Vetiver Grass goes Ikebana

My Vetiver grasses are seeding. Bought 2, divided to 3 and have since subdivided further.But the ikebana in me can't resist: makes a stunning arrangement.I can see great things a'happening in this marriage, the Vet and I.As a partner they are so well behaved and that's what you want for domestic bliss.I'm sure it would do the dishes if it could.
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  • By the look of those pix all I'd need to do to propagate is grab a tiller and yank. Just like Lemon Grass, it grows new roots quite quickly. Great, couldn't see me digging the concrete-like soil which surrounds the mature plants.

  • Given my past bamboo experiences, I thought some homework  was warranted(Good resource HERE):

    Difficult harvesting. Vetiver roots are threadlike strands that form lacy networks throughout a large volume of soil. To obtain the roots in quantity, therefore, vast amounts of dirt must be dug. Except in loose, light soils, the workload is enormous, especially considering the small amount of root obtained. Even in volcanic ash and sandy bottomlands, the task of digging vetiver roots is so difficult that it is often hard to find people willing to do it.

    Also, separating the soil from the intricate roots involves extreme drudgery. Commercial production is usually done only near waterways where the soil can be washed off.....

    BUT

    Vetiver is easily killed by slicing off the crown with a shovel or other implement. It is also easily eradicated by systemic herbicides. It is so easy to remove that in some places it is used in crop rotations as a fallow crop.

    I've hacked into the base of the plant for 'cutting' material but I see where there are options like with bamboo:

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    While obviously a great long lasting mulch resource and stunning to look at, I'm thinking about its further utility. The best part is that it grows in my sand when other grasses , even native ones, don't do so well.  

    Wind break. ...Shade....

    Assuming it is easily removed-- when push comes to shove -- I'm thinking of growing clumps scattered among the veg mounds. I'm growing indian shot canna, aloe vera, dogbane and pigface like this at the moment but I reckon the more roots going down the merrier. . Lemon grass in sand is a waste of effort-- although I grow it on the nature strip for herb and mulch purposes. 

    Vetiver's long  vertical root mesh must count for something in way of Regenerative sponsorship. My Pigeon peas have come on nicely, although I haven't had much of harvest from them yet. But with them I've got a deep tap root working for me.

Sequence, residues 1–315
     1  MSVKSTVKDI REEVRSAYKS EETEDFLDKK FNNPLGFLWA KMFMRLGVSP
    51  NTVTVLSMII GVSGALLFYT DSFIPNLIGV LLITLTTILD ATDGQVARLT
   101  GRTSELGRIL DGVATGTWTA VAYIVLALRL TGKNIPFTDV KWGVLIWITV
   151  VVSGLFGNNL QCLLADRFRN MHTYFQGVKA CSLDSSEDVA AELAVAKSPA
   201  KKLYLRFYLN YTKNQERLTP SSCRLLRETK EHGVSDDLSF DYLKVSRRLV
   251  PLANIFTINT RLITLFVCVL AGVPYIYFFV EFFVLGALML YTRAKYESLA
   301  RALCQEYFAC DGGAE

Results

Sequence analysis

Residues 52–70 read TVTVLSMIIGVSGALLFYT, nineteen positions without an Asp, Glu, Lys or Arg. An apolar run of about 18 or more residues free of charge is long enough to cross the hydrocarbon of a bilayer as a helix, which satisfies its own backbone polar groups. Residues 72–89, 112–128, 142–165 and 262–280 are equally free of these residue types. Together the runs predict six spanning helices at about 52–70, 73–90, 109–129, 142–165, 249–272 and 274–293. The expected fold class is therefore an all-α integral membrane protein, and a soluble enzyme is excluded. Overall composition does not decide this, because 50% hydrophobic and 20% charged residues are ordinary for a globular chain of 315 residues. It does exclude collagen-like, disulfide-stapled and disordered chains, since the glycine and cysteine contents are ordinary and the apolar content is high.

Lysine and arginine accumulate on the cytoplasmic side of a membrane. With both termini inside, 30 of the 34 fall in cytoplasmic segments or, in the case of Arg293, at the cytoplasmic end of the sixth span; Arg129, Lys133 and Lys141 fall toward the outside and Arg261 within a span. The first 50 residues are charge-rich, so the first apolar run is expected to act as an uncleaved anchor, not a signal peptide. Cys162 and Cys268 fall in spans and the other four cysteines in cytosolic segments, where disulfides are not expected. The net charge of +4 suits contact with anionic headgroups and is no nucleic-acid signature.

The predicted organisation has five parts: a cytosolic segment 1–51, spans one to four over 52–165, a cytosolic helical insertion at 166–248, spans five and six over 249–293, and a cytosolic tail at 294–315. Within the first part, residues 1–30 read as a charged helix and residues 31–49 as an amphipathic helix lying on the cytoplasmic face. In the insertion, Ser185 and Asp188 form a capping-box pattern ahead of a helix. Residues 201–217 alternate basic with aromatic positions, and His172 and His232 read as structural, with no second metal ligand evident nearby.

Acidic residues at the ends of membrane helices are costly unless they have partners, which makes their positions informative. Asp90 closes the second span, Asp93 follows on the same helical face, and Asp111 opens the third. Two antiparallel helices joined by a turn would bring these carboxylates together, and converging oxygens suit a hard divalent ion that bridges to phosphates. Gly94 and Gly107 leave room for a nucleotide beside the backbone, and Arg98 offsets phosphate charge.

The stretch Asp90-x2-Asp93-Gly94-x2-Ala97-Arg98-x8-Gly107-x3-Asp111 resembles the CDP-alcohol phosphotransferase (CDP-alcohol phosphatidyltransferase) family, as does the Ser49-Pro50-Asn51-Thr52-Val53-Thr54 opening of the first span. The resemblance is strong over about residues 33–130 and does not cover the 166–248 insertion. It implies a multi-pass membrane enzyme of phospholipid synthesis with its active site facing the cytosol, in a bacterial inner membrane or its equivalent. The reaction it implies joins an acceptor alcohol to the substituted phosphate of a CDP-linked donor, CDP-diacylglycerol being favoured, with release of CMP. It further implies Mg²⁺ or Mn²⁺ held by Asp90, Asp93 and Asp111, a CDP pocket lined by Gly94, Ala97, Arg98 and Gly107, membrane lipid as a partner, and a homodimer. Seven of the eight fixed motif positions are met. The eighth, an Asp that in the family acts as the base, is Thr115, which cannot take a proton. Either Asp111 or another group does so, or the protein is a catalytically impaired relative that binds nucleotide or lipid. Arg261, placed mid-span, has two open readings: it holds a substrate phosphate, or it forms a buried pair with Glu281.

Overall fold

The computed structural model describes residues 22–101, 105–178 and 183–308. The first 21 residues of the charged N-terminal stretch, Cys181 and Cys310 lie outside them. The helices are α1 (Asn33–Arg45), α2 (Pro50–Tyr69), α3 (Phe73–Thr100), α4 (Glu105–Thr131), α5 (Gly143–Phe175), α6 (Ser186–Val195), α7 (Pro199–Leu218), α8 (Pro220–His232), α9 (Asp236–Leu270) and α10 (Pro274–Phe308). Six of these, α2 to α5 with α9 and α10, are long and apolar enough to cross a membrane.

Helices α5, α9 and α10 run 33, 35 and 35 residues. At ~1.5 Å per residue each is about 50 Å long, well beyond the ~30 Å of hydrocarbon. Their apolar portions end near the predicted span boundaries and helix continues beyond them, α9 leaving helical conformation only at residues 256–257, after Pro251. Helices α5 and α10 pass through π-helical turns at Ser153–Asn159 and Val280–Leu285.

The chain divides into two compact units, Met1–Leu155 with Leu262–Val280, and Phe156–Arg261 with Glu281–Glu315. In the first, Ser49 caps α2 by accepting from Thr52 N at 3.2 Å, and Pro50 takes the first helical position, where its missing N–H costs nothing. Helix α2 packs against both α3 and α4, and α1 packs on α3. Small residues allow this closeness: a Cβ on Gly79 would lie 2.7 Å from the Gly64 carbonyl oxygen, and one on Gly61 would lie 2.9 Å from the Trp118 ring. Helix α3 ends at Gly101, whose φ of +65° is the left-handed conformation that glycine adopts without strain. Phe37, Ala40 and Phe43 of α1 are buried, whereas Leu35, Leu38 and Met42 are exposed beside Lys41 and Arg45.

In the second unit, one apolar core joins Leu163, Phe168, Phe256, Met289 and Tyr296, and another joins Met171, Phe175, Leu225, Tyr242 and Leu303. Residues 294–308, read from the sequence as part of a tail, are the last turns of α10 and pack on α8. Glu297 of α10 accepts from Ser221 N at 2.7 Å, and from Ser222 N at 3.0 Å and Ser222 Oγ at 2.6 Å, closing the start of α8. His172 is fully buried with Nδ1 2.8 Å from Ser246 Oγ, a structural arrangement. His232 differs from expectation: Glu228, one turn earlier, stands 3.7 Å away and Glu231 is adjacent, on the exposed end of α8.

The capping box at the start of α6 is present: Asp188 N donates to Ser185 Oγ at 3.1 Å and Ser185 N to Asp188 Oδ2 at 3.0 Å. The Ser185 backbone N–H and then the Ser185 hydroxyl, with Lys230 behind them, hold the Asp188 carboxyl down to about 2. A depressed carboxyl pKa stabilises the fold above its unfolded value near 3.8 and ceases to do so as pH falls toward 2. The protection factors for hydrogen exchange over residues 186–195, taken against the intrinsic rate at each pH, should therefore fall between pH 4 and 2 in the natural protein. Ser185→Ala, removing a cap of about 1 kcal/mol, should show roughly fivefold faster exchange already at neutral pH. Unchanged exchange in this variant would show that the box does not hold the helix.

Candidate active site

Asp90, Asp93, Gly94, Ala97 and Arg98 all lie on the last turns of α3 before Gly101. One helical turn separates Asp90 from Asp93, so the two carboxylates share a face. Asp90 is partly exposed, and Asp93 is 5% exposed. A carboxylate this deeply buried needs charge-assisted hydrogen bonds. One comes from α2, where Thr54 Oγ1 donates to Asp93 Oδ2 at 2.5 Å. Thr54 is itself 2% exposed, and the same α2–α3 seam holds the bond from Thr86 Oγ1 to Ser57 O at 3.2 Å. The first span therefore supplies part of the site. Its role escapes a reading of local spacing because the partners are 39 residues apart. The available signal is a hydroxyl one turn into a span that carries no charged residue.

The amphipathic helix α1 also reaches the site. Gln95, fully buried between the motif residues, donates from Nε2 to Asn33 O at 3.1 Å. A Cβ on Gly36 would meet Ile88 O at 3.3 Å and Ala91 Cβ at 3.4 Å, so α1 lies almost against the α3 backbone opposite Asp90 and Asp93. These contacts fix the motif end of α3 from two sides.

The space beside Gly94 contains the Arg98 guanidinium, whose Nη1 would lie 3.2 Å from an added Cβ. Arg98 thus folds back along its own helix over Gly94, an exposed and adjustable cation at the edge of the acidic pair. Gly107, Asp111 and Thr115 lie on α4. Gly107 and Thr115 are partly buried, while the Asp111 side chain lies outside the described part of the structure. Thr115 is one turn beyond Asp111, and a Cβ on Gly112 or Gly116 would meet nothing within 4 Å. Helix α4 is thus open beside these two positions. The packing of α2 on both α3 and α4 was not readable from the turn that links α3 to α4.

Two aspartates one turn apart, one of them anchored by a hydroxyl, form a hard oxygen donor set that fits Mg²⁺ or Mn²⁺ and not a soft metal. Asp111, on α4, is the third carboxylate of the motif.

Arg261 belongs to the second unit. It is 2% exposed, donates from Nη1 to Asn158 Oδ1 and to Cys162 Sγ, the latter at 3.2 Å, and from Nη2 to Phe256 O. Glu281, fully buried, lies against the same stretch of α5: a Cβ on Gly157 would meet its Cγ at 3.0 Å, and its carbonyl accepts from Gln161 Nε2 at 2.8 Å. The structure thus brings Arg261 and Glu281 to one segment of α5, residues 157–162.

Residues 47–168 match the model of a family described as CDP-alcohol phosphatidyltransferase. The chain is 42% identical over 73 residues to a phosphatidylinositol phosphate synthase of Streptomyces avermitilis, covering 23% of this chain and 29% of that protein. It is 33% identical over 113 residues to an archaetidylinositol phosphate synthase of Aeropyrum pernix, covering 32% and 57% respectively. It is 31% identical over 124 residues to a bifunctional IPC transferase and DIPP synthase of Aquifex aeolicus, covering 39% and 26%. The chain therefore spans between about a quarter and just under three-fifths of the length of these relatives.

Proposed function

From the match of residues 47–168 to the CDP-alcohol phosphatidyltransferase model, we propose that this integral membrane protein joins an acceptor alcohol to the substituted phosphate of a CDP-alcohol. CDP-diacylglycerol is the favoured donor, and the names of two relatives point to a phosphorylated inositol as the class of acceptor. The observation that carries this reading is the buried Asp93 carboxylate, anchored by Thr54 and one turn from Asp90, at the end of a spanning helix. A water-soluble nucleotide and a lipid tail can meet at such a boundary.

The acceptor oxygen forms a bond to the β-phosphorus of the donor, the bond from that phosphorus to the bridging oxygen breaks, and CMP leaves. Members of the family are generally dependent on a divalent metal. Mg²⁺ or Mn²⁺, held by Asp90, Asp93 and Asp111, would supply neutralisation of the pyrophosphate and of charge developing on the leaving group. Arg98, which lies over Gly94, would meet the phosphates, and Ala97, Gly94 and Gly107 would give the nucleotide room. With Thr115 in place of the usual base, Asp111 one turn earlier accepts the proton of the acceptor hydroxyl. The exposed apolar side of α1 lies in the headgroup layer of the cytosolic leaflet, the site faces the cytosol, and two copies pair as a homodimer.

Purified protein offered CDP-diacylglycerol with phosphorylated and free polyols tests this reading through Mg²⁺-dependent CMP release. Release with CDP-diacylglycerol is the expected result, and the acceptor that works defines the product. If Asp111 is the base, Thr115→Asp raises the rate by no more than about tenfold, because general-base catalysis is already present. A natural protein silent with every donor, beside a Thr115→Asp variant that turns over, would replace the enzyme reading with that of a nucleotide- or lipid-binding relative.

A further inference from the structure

The other plants are all easy to control, cut and mulch with that I'm becoming more confident in the polycultural experiments.

    In the past -- a previous garden life -- I bordered my veg patch with Lemon Grass 'hedges' to good effect. 

  • Good link, Dave thanks! I need to divide some to make some more plants and atm it's daunting to think about digging up such enthusiastic rooters. So I need to see if others have come up with less physical ways of getting cuttings.

  • Maybe not so easy to divide I find...but today I had an epiphany as to how I could deploy the grass more effectively--now that I am dividing.

    The Vetiver System Network is full of ideas.

    While the whole shebang reminds me of the 80s and 90s  culture of bamboo ecstasy , so far, given my hands on experience, I'm liking Vetiver much more --aside from the useable cane issue.

    I'd grow Vetiver in paces I'd not plant bamboo-- like in cooee of veg patches because the roots go DOWN. If push comes to shove I'd cut back the Vetiver for mulch  and shroud the rooted remains  with a sun shading cover to kill it.

    Try that with bamboo.

    Nothing could be as life threatening to one's person  than  removing bamboo! Nothing!!

    With Vetiver I just sharpen my sickle and I'm Sweeney Todd...then cover it with a pot or bucket or dark plastic sheet or tarp..

  • The Dishes Dave, that I would like to see.

    Though I do love your passion for Ikebana, wonderful arrangement and love the table.

  • Hooley dooley, my Vetivers roots must go down 'to China'!

  • Pretty.

    The two clumps I had just kept getting bigger and bigger. They were semi useful as chop and drop but so sharp to handle and eventually taking up so much room I donated them to two large, strong men to remove and use somewhere else for soil erosion.

  • Whats' not to like:

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    holding-up-vetiver-with-roo.jpg

  • They are graceful plants. The Monto variety doesn't set seed. Mine is in dire need of a haircut and at present, with no front fence, it's an impenetrable jungle.

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